Fate / Zero – 10

Fate/Zero takes a slight detour from the various machinations of all the Masters of the Holy Grail War to focus on one of their children, specifically (one of) Tokiomi’s (two) daughter(s), Rin. I know Rin from UBW as a kind, brave, talented and headstrong young mage, and her seven-or-eight-year-old Zero self seems to possess all those same qualities.

Following her father’s every word of guidance, young Rin seeks to develop a “reserved and elegant” magic befitting the Toosaka name; of course, she’s just a little kid, and as such has far more potential than proficiency, but Tokiomi is a patient teacher and clearly has big plans for his progeny. However, it’s not safe in Fuyuki City, so he sends her and Aoi out of town for their protection, giving Rin a mana compass as an early birthday gift/bribe.

Rin is well-liked at school, happily spreading her considerable book smarts to her classmates and defending the weaker ones from bullies, who show no interest in going up against her. But one day classmates start to disappear from her school, one ends up dead, rumors fly, and finally her good friend Kotone vanishes.

Rin being Rin, she doesn’t leave the solution to this problem up to the adults, and hops on the night train to Fuyuki to sleuth around…rather randomly actually, but hey, this show is called Fate, so it must be fate that Rin happens to find the perpetrator of the kidnappings in the space of a few hours of wandering the night streets (which the episode makes clear are no place for young kids).

Rin follows the strange man with two kids in tow and a glowing purple bracelet. She doesn’t follow him particularly quietly—causing a racket when she accidentally knocks over some garbage—but she eventually comes upon an abandoned bar where she finds Kotone and many other kids in some kind of trance that renders them unable to defend themselves.

While trying to rouse Kotone, Uryuu appears, and is happy to find another “guest” has arrived of her own accord. Considering Uryuu is the “kid murderer” among the Masters in the Grail War, it seems only fitting to show him from the perspective of a kid, particularly the kid of another Master.

Unfortunately for Uryuu, Rin isn’t your typical grade-schooler, and she summons all her spunk in maneuvering herself into a position to grab Uryuu’s bracelet and destroy it with her mana.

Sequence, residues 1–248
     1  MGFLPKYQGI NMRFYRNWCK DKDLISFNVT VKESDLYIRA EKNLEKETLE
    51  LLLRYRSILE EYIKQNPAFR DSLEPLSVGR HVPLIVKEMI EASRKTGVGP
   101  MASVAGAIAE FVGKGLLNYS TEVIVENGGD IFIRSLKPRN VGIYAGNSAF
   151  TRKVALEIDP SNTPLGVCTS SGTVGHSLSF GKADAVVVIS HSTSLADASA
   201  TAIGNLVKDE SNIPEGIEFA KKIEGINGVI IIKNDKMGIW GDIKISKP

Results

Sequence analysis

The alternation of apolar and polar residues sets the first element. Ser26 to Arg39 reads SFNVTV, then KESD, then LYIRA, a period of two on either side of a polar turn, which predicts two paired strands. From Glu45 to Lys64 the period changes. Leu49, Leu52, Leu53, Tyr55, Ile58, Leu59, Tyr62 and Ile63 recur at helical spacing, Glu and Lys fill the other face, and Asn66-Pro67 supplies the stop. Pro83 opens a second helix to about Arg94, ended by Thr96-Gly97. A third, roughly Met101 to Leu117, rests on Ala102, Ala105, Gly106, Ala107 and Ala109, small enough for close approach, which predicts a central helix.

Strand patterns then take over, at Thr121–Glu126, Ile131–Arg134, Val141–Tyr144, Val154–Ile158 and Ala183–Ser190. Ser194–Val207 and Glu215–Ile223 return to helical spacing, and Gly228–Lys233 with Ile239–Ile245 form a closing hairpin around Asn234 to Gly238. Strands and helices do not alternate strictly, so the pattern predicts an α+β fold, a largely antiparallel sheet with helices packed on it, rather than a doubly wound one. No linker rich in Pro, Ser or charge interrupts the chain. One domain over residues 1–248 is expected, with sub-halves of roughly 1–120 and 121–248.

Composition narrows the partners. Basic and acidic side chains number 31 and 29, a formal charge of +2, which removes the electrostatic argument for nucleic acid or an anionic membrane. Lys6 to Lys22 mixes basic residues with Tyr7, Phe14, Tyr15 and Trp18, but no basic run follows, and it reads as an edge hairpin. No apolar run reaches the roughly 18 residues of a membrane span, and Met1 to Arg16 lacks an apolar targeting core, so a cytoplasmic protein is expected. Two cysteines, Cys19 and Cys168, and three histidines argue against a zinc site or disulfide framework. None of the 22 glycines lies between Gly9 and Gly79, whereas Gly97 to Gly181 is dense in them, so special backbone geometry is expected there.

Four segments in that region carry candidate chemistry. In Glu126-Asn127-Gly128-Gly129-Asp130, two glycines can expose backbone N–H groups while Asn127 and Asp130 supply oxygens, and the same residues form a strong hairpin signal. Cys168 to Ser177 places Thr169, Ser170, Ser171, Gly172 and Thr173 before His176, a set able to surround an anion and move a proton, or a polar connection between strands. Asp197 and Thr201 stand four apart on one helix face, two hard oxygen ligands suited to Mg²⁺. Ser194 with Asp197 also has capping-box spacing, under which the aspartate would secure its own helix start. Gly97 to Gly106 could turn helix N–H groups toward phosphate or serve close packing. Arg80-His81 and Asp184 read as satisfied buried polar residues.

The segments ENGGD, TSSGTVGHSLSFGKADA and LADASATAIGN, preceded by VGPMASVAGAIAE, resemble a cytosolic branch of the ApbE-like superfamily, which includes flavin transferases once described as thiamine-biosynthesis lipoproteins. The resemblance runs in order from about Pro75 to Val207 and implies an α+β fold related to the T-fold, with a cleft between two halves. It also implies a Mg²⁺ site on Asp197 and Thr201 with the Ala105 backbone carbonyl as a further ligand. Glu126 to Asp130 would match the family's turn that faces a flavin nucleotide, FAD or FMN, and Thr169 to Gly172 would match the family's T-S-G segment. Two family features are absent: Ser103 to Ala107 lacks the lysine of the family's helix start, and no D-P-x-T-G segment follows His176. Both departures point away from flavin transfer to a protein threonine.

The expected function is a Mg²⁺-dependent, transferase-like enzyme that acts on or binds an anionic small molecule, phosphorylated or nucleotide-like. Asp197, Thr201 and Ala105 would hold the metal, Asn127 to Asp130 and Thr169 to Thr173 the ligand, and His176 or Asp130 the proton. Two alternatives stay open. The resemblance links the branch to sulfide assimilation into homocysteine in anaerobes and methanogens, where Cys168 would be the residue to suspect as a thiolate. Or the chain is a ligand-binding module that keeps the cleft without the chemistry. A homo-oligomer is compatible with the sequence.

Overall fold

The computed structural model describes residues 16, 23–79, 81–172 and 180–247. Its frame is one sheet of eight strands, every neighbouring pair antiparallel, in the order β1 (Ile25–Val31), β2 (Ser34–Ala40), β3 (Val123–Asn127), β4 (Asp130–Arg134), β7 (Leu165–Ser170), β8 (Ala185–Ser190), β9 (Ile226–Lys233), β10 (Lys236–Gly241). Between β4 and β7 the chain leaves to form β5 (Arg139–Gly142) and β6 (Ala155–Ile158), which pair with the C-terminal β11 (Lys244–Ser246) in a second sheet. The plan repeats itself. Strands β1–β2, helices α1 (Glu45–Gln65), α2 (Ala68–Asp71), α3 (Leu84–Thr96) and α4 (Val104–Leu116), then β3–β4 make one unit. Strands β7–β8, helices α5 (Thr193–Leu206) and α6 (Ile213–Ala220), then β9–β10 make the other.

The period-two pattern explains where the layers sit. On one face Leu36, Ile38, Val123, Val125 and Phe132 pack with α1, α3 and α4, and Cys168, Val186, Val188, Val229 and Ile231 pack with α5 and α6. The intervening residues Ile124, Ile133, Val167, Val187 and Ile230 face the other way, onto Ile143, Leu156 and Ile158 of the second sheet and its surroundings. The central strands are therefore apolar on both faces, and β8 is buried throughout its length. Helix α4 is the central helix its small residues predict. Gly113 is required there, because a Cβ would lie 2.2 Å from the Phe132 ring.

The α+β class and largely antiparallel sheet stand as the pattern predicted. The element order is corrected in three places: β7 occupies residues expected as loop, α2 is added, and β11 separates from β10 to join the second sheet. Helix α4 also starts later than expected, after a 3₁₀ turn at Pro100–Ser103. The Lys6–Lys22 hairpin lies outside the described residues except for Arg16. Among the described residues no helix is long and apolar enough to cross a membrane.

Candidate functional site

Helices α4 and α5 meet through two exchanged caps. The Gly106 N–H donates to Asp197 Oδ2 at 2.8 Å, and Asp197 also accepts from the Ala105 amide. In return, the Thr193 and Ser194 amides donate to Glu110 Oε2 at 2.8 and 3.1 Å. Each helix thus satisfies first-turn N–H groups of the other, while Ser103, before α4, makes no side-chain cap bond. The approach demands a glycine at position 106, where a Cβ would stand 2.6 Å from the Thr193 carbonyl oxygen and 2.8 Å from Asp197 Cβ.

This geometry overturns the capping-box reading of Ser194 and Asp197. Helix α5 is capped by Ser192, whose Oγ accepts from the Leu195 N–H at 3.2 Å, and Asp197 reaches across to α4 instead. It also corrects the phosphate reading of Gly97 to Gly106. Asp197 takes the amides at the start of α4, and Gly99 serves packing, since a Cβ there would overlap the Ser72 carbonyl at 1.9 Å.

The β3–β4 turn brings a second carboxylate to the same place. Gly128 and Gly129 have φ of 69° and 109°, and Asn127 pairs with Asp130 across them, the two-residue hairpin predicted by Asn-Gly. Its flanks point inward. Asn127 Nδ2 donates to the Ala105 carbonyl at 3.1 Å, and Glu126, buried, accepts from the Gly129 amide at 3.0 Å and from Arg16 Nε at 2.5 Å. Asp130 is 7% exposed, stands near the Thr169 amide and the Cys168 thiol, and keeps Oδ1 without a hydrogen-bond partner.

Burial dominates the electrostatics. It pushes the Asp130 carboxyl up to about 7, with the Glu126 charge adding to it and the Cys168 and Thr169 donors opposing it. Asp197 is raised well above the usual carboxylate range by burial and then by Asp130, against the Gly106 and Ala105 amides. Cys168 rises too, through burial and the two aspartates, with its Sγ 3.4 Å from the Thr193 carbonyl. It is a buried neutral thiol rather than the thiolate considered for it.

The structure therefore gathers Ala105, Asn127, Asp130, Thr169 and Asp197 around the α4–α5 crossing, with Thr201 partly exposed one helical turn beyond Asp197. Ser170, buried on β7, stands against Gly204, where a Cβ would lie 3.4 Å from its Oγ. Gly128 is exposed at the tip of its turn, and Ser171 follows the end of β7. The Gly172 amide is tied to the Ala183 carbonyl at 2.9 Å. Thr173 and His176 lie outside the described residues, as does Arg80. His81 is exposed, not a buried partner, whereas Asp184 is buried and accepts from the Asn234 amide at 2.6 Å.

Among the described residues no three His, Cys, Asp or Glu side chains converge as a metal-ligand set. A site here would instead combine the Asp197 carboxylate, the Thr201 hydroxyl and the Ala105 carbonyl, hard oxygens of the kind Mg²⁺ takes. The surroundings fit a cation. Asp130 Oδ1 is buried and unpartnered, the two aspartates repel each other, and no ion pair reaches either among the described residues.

At first, the bracelet seems to affect her like the other kids, but she fights it back, and the bracelet eventually shatters, staggering Uryuu and awakening all the kids, who Rin leads out of the bar. Uryuu is less concerned with them escaping than the condition of the bracelet and the mood of the “big guy” (Caster) when he hears of this incident.

The police are called and all the kids are reunited with their parents, but Rin stays in the shadows, not wanting to take any credit for her heroics lest she be scolded and sent back not homebut away from it. All of a sudden, some of Caster’s tentacle demons take an interest in her, but they are eradicated by Matou Kariya, who either happened to be passing by, or had been monitoring Rin the whole time, concerned for his old friend’s daughter’s safety.

Aoi arrives in the park to find Rin sleeping peacefully, being guarded by Kariya, whom Aoi hadn’t seen since his grotesque transition into Berserker’s Master. He promises Aoi that he’ll win the war and free Sakura from the torture of being a Matou Mage. Aoi worries Kariya will kill himself after killing Tokiomi.

As for Rin, her big adventure taught her that she still has a long way to go before becoming a reserved, elegant mage. But with hard work, perseverance, and obedience to her folks, well…we know how she turns out. It is a bit sad to think that the course of her life, as well as those of Ilya and Sakura, are already all but mapped out, due to their obligation to their families. But that’s just Mage Life, I guess.

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Haikyuu!! Second Season – 02

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Haikyuu!! introduced two new characters this week: the grouchy but driven college girl Saeko and timid but smart first year Yatchi Hidoka. While Saeko barely made an appearance, Yatchi adds a few hooks for the show to tell its story, and even retell the viewer some details about volleyball and school life.